Node.js module for performing assertions on HTTP responses
Price: Free / Donations
Node.js module for performing assertions on HTTP responses which are received after sending requests. These assertions can include things like the status code, HTTP headers, response text, XPath expressions, JSON paths etc and are therefore suitable for simple website or API behavior monitoring. Additionally, the response time and other timing metrics are returned together with the test results, which can be handy for tracking performance changes over time (and, if you like, from different geographic locations).
While the module is basically generic, it was written to be used in “Serverless” functions (AWS Lambda, Google Cloud Functions, Azure Functions etc). Doing that using code (as opposed to configuring a monitoring service where you hand-craft checks in the GUI) means that checks can be version-controlled, branched, automatically deployed and both triggered periodically or explicitly, for instance as a smoke test immediately after a deployment.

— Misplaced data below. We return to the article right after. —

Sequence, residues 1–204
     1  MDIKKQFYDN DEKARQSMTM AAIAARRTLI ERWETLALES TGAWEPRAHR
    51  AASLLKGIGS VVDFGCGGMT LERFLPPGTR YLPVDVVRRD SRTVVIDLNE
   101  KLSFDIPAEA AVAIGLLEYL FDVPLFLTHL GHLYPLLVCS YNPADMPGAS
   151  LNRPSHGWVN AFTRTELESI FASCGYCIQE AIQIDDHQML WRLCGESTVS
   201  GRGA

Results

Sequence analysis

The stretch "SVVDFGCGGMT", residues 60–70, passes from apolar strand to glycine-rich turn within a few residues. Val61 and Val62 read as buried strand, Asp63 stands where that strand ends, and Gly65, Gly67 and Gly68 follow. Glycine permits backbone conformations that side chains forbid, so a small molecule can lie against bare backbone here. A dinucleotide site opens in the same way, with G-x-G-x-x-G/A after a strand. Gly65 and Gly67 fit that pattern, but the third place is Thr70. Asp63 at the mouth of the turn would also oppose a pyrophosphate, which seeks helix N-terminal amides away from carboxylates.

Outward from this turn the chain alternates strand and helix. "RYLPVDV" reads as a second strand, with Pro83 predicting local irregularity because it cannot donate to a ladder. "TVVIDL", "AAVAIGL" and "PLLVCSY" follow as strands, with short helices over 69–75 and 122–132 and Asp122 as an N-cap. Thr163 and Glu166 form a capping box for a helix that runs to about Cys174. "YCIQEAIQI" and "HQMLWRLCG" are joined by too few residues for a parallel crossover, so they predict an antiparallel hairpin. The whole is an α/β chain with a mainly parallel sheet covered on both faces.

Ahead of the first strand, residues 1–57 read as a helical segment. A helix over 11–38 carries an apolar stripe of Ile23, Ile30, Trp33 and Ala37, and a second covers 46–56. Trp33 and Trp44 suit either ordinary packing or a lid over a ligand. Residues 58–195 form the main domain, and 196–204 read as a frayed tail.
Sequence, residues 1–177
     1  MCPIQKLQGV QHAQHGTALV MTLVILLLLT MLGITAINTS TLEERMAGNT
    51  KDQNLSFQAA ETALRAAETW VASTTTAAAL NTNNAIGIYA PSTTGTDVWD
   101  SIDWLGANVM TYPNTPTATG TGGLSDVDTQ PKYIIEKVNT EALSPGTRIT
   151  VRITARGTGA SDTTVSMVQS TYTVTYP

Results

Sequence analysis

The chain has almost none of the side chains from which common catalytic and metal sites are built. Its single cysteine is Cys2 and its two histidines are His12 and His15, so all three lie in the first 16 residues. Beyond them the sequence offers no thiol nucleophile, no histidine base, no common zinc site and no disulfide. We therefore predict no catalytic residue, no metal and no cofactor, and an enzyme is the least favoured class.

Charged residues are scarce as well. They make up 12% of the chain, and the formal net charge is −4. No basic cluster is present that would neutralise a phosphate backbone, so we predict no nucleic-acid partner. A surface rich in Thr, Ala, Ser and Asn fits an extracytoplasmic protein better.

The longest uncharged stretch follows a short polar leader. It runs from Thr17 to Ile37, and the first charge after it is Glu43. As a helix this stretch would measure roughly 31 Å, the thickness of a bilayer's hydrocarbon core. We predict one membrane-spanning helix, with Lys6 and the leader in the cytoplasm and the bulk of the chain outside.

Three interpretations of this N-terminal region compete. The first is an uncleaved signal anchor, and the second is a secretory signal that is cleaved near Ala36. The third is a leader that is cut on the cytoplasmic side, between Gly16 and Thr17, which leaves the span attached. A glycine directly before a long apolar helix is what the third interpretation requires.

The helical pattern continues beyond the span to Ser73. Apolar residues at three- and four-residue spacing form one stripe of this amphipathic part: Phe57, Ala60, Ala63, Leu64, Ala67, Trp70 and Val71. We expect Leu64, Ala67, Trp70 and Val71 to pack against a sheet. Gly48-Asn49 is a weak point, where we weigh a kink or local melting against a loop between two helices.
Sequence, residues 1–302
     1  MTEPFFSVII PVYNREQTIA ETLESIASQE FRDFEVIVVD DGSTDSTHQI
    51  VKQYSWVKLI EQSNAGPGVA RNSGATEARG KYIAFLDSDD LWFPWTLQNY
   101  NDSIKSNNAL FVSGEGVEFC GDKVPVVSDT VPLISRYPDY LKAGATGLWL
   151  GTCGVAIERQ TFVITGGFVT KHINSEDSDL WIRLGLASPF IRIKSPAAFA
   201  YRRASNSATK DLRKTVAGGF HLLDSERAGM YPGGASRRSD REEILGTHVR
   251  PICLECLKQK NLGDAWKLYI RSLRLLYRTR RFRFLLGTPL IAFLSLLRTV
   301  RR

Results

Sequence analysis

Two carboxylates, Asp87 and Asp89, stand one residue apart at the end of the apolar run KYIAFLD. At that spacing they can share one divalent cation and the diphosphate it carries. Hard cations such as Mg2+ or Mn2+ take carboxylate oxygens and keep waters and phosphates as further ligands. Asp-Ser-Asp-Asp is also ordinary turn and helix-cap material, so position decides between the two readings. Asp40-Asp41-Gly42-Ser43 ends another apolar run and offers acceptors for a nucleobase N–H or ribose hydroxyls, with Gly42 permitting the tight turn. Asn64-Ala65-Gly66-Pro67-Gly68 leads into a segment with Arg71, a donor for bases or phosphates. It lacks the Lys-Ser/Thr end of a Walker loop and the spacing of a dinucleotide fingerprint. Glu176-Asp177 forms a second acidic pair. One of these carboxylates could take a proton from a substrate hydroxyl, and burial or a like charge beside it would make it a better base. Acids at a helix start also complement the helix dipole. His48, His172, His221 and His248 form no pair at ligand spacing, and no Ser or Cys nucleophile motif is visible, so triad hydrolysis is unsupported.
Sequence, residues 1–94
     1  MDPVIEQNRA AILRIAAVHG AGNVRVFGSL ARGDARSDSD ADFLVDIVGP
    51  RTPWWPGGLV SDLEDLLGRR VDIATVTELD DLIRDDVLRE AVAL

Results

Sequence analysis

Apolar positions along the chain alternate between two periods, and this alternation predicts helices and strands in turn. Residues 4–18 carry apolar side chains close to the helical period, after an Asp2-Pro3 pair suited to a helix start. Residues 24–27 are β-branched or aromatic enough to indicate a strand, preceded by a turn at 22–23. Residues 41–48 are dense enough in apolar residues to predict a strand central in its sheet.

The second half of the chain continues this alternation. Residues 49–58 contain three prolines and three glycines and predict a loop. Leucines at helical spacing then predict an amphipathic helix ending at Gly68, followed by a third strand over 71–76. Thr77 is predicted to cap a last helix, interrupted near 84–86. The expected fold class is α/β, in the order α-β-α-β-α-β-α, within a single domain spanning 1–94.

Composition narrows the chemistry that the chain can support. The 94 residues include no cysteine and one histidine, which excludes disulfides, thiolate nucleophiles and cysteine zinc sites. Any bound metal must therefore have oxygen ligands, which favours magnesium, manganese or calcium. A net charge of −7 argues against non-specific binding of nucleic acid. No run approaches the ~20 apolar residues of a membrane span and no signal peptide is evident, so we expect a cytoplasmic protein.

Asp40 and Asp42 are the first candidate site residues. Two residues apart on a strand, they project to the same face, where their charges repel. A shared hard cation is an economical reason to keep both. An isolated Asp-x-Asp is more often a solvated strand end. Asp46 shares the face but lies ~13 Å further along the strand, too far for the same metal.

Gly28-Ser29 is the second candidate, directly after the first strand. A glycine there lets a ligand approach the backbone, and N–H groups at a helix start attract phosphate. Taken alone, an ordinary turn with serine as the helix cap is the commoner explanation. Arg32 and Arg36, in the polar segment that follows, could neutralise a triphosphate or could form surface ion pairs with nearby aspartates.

Requests can be run sequentially or with a configurable concurrency. As the requests are done using the widely known “request” npm module, you can do anything that the “request” module offers (which is a lot), including:
- any HTTP methods
- any content types
- arbitrary headers
- form data
- HTTP authentication
Out of the box, this module is able to:
- Verify response HTTP status code
- Perform checks on response headers
- Perform plaintext content checks for a number of content types (most importantly: HTML)
- Perform checks (either existence, non-existence or content) using CSS selectors
- Perform checks (either existence, non-existence or content) using JSON pointer expressions
- Perform checks (either existence, non-existence or content) using XPath expressions
- Perform checks on the raw response body
- Perform completely arbitrary checks using callback functions
- Record request/response timing information
- In addition, it is possible to write own checks.
For more information, see the module page on npm.